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Theatre in Review: Crude (Black Lab Theatre/Ars Nova)

Nico Tortorella. Photo: Jenny Anderson

According to the program for Crude, it is one in an "energy series" of plays by Jordan Jaffe, each of which is designed to highlight a particular energy source. (He has also written plays about natural gas and wind.) I fear that if Crude is any indication, he isn't doing much for the environmental cause; so blatant are his tactics that his play ends up a sermon aimed straight at the already converted. Rarely have the dramatic possibilities of a catastrophic situation been mined to so little effect.

We are in the Houston home of Jaime and Brittany. Once a fledgling documentary filmmaker, Jaime now works for Kurtz Petroleum, his family's oil company, turning out oleaginous promotional videos designed to make the firm sound like a convocation of the selfless, devoted entirely to the improvement of the environment. ("Because we don't just come up with solutions: We implement them," murmurs the narrator.) In one of those borrowed-from-the-sitcoms setups, Brittany is the director of the Wetlands in Texas Foundation. (He's carbon! She's green!) It appears that part of her job description involves lecturing her husband about every single thing he does. She all but shudders in horror when he picks up a bottle of water and when he suggests flying, on the company plane, to Taos for the weekend; she says, brightly, in the voice of a mother locking away the cookie jar, "I don't think we can fit jet fuel into our carbon footprint goal for the week." In short, this pair is on the fast track to divorce court, and, given Brittany's schoolmarm behavior, one imagines it can't happen soon enough. Then a news broadcast announces that an offshore platform owned by Kurtz Petroleum has suffered a blowout, and tens of thousands of gallons of oil are pouring into the Gulf of Mexico. Can this marriage be saved?

The play shifts when Brittany takes a powder, running off to her foundation to arrange a crisis response, taking with her the aging, incontinent hound that Jaime appears to love better than any human being. Enter Aaron, Jamie's college buddy and colleague at Kurtz Petroleum, with a plan for them to craft a public relations response to the disaster, thereby saving the company from disaster. But first they smoke some dope, and then out comes the cocaine. I believe this is the first play I've seen in which the characters dab their index fingers with coke, then jab themselves in their rear ends. (Maybe I lead a sheltered life.) In any case, the script notes that there is more than one meaning to the word "crude," and I can testify that Jaffe has got them all covered; the longest stretch of the play involves Jaime and Aaron's frat boy antics.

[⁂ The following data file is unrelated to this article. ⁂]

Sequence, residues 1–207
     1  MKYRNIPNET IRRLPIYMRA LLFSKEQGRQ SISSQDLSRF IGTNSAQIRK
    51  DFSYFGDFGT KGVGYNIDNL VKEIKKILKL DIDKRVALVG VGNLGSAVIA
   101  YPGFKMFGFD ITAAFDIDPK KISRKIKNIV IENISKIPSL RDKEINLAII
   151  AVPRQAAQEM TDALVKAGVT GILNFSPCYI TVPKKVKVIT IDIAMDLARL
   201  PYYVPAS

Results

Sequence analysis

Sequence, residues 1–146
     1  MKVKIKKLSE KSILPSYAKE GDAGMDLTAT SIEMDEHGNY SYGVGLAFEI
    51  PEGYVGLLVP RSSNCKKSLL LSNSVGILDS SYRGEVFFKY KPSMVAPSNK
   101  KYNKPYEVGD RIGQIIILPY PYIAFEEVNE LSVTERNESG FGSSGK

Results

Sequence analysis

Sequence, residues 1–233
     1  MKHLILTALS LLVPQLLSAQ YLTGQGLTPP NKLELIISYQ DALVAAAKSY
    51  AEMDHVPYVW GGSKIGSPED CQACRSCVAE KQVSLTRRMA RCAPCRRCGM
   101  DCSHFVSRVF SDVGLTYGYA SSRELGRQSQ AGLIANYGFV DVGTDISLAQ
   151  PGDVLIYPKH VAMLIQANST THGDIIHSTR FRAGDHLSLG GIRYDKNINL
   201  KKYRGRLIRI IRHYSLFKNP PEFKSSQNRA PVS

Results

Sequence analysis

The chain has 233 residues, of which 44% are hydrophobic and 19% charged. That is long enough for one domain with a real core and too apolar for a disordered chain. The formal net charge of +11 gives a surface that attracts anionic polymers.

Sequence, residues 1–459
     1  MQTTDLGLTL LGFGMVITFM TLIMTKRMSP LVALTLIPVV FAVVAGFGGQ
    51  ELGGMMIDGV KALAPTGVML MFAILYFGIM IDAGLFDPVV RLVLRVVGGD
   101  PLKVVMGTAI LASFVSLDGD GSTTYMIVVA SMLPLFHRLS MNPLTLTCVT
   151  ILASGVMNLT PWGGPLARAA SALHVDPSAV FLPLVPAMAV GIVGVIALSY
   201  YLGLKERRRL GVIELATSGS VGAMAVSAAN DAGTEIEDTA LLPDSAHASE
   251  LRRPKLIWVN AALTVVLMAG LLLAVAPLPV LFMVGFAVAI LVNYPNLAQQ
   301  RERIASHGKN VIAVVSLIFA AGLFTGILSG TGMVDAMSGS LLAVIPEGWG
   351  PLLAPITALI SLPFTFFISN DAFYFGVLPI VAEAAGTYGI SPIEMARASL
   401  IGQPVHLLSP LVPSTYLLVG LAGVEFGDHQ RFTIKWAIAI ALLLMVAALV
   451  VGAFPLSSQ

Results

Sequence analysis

The drug use is important, because it cues the third character, Manny, Aaron's dealer, who shows up and is hired by Jaime to abduct the dog and return it to him. Manny exists in Crude to deliver a Big Speech, lecturing Jaime about his corrupt ways, "I'm just trying to open your eyes and see what you and I do are the same thing," he says. "Drugs fuck your brain, but I sell them to make money, and at the end of the day, I'm not the one butt-ramming your brain, the drugs are. Oil fucks the earth, but you sell that shit and make money, and, at the end of the day, you're not fucking the earth in the butt, the oil is."

Jaime doesn't really appreciate this analogy, but, in any case, he and Aaron craft a stunningly ingenuous plan for a feel-good video designed to wipe away viewers' memories of oil-covered beaches and poisoned fish and wildlife. They present it to Jaime's unseen father, although Jaime is still so coked-up, he can barely get through it. Meanwhile, Brittany comes and goes, begging Jaime to prevent his father from using Corexit, an oil dispersant that is a case of the cure being worse than the disease. By this time, the audience is collectively thinking, Fat chance, Brittany. Anyway, her disappointment in this matter allows her to return and say, "KP has poisoned your soul, Jaime. You are toxic. Toxic." Yep; just like that oil spill.

So many lectures, so little illumination; one leaves Crude having been told (1) oil spills are disastrous for the environment, (2) oil companies are often irresponsible and manipulative, and (3) carbon-based energy is bad. This less-than-front-page news is so feebly dramatized that the lectures are all one remembers later on.

The director, Kel Haney, struggles to get much of anything out of this and his cast seems equally lumbered. Nico Tortorella captures Jaime's forever-immature soul, but it's impossible to believe that he once made a fine documentary about a toxic chemical substance used in everyday products. Eliza Huberth overplays Brittany's domineering qualities, largely, I think, because she has little else to play. W. Tré Davis is convincing as Aaron (and even amusing when explaining the virtues of the "Eye Ching") and Jose Joaquin Perez makes the most of the smaller role of Manny. The production design is professional, if not especially interesting: Caite Hevner's living room set doesn't really suggest Jaime and Brittany's presumed income level (often a problem with low-budget productions), but Sydney Maresca's character-specific costumes, Alex Jainchill's lighting, and Elisheba Ittoop's sound design all get the job done.

It's not fun to find fault with a play that has its heart in the right place, but the title also applies to its dramaturgy. It's hard to get caught up in the story when the gears keep shifting so loudly. -- David Barbour


(6 May 2016)

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